Iran 'maximizes spectacle' in latest bombardment of Israel

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It looked like World War Three for a minute, but the Israel-Iran battle lasted just a day.

Tonight, Ezra Levant talks tensions in the Middle East following a brief barrage of Iranian missiles into the Jewish state.

On Saturday, the Islamic Republic of Iran retaliated against Israel for killing two senior members of Iran’s Islamic Revolutionary Guard Corps in Damascus, Syria two weeks ago.

According to an IRGC statement, the targeted airstrike killed senior commander Mohammad Reza Zahedi and Brig. Gen. Mohammad Hadi Haj Rahimi, along with several other officers.

On Saturday, Iran launched hundreds of ballistic missiles into Israeli airspace with nearly all shot down by its Iron dome. The attack appeared to minimize casualties while maximizing spectacle.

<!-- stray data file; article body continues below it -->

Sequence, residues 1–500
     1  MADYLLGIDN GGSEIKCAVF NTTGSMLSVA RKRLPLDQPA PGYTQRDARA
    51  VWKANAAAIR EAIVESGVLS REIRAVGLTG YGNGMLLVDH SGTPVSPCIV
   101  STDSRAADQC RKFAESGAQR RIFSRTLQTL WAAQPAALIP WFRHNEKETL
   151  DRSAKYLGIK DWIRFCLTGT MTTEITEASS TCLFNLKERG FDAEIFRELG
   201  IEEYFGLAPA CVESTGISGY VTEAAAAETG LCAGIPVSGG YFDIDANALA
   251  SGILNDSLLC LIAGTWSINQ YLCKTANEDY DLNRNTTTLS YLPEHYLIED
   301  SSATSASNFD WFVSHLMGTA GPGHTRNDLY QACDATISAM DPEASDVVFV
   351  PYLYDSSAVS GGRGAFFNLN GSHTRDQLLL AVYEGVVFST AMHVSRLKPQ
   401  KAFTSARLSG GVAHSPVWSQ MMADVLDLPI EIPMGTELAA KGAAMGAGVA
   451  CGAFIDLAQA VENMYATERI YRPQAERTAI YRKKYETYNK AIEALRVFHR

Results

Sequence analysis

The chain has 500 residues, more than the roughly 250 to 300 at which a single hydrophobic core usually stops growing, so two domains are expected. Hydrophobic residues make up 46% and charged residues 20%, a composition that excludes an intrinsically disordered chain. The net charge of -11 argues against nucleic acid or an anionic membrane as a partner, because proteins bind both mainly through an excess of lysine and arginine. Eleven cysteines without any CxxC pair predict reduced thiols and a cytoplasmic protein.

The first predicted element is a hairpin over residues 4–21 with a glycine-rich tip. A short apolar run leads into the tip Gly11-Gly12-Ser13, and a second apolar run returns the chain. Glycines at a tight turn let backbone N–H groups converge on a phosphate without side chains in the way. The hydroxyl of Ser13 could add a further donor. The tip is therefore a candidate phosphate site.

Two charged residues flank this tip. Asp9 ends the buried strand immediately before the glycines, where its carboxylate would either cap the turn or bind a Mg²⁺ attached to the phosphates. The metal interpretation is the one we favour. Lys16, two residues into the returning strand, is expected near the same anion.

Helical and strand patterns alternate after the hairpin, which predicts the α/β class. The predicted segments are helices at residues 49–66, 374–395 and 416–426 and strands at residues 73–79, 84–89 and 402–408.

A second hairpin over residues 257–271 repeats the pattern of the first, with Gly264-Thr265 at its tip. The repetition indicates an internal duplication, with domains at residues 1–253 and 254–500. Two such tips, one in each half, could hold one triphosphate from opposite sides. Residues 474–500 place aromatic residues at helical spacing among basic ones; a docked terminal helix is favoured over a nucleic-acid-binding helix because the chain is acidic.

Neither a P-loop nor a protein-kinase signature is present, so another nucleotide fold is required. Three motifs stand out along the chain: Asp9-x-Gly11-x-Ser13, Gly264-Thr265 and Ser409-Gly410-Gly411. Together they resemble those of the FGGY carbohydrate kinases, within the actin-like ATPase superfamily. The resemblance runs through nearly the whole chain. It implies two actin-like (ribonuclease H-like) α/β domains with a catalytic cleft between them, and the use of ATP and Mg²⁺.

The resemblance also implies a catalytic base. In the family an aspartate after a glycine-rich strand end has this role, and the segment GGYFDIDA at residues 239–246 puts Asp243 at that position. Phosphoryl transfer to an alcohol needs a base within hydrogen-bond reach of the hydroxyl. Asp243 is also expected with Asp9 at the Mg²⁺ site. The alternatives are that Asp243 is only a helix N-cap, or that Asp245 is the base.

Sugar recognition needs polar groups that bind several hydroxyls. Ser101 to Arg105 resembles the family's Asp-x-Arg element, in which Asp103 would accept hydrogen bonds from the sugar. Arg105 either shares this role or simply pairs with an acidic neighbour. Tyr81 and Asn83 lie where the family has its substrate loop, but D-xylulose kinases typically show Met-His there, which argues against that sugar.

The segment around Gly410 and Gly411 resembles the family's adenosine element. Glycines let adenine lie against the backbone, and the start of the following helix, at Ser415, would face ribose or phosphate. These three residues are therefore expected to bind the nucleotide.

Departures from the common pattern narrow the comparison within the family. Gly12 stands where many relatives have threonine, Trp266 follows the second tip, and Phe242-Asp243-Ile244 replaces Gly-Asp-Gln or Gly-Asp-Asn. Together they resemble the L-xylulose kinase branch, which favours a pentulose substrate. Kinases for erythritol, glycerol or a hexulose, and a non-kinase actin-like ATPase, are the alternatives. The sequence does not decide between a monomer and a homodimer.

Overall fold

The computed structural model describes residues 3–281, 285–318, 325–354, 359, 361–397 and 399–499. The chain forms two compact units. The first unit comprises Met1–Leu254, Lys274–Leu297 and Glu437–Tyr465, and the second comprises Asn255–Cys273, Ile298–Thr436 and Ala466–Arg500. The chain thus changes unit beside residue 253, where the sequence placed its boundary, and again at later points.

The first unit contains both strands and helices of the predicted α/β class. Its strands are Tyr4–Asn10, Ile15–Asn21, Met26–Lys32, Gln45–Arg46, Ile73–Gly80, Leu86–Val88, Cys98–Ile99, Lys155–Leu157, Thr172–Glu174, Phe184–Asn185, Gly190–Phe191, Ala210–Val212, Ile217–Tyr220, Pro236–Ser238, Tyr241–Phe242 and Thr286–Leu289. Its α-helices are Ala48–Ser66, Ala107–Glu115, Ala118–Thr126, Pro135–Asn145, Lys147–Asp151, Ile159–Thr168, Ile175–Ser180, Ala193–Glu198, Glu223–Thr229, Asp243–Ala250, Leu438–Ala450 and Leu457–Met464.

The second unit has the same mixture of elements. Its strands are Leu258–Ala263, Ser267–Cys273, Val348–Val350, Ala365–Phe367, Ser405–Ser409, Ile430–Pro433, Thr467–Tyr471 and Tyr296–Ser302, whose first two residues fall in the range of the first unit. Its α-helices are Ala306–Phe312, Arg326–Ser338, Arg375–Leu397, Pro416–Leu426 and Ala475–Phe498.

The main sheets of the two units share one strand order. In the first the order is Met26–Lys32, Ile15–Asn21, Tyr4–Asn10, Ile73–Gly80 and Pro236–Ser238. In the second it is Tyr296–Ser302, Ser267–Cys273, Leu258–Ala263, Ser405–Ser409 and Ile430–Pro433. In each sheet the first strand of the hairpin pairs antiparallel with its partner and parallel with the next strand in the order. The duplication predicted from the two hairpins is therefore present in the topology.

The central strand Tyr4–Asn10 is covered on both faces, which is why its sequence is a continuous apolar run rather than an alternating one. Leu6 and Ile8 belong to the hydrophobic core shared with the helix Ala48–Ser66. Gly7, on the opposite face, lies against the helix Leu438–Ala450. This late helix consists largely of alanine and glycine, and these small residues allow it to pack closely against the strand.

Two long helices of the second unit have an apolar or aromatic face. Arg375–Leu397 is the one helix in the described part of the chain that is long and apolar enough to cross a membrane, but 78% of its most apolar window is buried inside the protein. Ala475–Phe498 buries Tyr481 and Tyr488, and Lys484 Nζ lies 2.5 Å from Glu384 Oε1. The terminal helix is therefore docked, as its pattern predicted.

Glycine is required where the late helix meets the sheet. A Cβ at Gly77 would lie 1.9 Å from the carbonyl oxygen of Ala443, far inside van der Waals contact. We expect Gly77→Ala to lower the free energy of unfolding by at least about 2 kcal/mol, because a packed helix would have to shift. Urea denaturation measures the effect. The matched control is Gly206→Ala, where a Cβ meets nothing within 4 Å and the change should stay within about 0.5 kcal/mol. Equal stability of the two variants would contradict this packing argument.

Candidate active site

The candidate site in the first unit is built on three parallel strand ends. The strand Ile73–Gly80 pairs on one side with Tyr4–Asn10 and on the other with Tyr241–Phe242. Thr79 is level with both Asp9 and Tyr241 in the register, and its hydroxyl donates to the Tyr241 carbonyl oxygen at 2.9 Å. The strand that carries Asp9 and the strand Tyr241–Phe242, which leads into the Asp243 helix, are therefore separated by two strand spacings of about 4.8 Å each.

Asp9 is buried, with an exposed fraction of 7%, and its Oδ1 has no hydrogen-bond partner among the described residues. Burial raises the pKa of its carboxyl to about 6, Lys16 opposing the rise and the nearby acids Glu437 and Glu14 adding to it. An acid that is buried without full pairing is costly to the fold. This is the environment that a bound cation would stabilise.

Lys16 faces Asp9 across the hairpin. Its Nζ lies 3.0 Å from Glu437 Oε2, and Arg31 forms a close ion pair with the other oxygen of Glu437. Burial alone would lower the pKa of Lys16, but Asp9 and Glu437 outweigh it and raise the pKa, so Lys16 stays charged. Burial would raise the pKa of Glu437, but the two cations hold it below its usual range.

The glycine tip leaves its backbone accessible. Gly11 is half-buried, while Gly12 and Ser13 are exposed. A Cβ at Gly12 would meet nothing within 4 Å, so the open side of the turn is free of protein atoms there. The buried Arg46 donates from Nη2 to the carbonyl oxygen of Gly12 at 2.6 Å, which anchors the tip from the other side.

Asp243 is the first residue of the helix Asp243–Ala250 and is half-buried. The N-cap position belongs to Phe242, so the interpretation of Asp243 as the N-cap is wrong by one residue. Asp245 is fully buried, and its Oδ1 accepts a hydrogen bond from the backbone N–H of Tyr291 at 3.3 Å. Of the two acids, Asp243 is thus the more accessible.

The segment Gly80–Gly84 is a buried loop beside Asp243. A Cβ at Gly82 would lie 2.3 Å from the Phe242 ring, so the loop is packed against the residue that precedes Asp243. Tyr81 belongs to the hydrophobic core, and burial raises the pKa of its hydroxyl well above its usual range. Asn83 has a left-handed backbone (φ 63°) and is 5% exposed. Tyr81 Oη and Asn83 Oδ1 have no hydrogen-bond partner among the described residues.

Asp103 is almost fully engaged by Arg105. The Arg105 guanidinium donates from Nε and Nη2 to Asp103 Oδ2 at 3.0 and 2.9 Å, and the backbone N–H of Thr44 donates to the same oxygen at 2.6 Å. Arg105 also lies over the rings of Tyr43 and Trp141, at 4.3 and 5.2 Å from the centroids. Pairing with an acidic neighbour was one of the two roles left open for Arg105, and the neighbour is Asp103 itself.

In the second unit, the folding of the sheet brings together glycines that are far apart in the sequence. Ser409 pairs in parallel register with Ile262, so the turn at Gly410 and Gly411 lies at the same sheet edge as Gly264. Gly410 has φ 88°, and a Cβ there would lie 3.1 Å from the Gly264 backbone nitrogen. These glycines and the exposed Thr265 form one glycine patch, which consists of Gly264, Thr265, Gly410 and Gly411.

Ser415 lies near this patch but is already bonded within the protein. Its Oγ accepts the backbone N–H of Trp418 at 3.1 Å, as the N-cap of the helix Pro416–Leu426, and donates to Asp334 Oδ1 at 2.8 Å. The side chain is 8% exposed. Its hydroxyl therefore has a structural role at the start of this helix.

As a precautionary measure, Home Front Command made slight adjustments to its defence policy. Henceforth, all educational activities across the country are temporarily on hold, and gatherings will be limited to 1,000 people.

Contrary to what pundits are saying, this wasn’t designed merely as "bells and whistles" with no damage. When you shoot 350 flying objects timed to hit Israel at the same moment, when you use three fundamentally different weapon types — cruise missiles, ballistic missiles and UAVs — you’re looking to penetrate Israel’s defenses and kill Israelis.

Many nautical miles across the Atlantic Ocean, a mob formed in Toronto and Calgary to cheer on Iran.

On Sunday, one such protestor gave a Nazi salute while holding an image of the Iranian Supreme Leader, Ayatollah Ali Khamenei. This comes a day after Iran attacked Israel.

GUEST: Ben Weingarten talks about Iran's latest attacks on Israel over the weekend.

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